HealthSpan Wellness

Dr. Amelia Fratnik, DC

Active Release Technique is a soft tissue treatment system that effectively addresses disorders involving muscles, tendons, ligaments, fascia and nerves. Conditions such as headaches, back pain, carpal tunnel syndrome, shin splints, shoulder pain, sciatica, plantar fasciitis, knee problems, and tennis elbow are just a few of the many issues that can be resolved quickly and permanently with ART. These conditions all have one important thing in common: they often result from injury to over-used muscles and other soft tissues.

How do overuse injuries occur?

Over-used muscles (and other soft tissues) change in three important ways:

  • acute injuries (pulls, tears, collisions, contusions, etc.)
  • accumulation of small tears (micro-trauma)
  • not getting enough oxygen (hypoxia).

Each of these factors can cause your body to produce tough, dense scar tissue in the affected area. This scar tissue binds up and ties down tissues that need to move freely. As scar tissue builds up, muscles become shorter and weaker, tension on tendons causes tendonitis, and nerves can become trapped. This can cause reduced range of motion, loss of strength, and pain. If a nerve is trapped you may also feel tingling, numbness, and weakness.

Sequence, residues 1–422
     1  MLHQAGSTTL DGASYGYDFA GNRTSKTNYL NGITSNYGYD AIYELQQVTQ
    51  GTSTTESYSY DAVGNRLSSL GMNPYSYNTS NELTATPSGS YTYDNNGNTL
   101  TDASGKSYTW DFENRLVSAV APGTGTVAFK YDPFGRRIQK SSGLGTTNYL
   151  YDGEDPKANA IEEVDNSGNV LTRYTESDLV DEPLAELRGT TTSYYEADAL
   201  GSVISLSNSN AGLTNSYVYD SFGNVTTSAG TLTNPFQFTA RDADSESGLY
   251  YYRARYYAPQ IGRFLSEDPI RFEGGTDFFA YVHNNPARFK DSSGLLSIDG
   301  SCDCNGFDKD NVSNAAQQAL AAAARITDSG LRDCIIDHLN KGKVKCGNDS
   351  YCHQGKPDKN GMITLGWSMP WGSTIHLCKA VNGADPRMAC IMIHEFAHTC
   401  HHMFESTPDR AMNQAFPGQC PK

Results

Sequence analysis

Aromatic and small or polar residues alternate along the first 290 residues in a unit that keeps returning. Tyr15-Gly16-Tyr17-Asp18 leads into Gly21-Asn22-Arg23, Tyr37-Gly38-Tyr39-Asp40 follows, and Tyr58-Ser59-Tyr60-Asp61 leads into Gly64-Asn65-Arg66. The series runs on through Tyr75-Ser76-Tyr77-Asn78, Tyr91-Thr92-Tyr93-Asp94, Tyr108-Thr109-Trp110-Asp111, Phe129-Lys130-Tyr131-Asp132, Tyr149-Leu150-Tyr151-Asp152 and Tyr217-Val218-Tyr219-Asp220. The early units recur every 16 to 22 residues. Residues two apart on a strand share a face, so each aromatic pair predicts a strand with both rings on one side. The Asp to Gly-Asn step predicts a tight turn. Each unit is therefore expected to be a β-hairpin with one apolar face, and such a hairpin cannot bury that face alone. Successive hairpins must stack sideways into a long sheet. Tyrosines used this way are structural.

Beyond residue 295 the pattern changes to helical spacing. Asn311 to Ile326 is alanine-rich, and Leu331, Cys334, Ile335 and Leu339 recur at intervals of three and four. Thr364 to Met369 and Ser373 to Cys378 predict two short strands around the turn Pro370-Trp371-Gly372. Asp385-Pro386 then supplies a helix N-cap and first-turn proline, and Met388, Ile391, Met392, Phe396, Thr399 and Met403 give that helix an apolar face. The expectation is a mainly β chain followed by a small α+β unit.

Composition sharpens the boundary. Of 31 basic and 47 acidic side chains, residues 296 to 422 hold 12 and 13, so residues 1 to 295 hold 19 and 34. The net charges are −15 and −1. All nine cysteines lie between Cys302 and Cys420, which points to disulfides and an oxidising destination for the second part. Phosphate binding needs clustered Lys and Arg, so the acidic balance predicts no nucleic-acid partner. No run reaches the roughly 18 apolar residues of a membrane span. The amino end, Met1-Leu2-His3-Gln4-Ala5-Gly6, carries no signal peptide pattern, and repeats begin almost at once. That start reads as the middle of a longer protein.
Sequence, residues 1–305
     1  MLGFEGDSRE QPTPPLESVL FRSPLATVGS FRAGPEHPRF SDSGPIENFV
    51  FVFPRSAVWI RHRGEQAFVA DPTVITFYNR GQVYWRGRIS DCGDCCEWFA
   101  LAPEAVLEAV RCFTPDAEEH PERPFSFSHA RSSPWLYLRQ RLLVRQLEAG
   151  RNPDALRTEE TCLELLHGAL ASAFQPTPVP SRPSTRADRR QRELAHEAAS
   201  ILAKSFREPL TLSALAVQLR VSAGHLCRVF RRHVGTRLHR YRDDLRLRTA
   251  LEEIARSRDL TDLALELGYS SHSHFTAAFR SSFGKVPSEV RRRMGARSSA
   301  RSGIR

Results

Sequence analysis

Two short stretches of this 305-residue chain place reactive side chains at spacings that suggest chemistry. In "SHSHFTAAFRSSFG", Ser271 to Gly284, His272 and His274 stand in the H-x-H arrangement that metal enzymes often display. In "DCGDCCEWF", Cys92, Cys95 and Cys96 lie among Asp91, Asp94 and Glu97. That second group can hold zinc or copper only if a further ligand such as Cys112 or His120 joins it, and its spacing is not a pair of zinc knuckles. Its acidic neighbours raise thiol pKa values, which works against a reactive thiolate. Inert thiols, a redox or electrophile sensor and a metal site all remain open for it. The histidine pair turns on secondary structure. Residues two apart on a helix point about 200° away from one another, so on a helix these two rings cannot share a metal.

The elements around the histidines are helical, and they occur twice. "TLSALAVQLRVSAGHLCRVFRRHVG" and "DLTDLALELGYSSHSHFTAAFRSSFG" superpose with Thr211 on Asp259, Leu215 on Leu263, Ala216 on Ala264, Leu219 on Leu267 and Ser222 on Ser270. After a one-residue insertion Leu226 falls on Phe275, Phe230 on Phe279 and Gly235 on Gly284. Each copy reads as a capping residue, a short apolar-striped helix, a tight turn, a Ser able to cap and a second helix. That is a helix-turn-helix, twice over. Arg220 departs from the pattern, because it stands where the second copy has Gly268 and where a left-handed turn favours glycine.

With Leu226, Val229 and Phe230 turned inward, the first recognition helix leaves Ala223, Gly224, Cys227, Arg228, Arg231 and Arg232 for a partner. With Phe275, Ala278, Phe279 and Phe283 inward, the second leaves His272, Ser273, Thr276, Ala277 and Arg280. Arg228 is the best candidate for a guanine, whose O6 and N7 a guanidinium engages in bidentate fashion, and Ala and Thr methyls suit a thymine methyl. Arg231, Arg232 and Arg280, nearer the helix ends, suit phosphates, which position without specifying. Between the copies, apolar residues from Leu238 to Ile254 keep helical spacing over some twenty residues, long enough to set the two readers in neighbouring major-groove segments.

What is an ART treatment like?

Every ART session is a combination of examination and treatment. The ART provider uses his or her hands to evaluate the texture, tightness and movement of muscles, fascia, tendons, ligaments and nerves. Abnormal tissues are treated by combining precisely directed tension with specific patient movements.  This helps to relieve the stressed tissues from their restriction, allowing the body to recuperate normal healthy tissue and movement.

The testimonials boast many successes where patients recover in a quicker time frame than after other traditional forms of treatment, as well as many who no longer require heavy medications or surgery for stubborn cases!

Dr. Amelia Fratnik has completed the full body certifications in ART (spine, upper extremity, and lower extremity), as well as the long nerve entrapment protocols.  She annually re-certifies to remain current and up to date with the organization.  For more information about the technique, search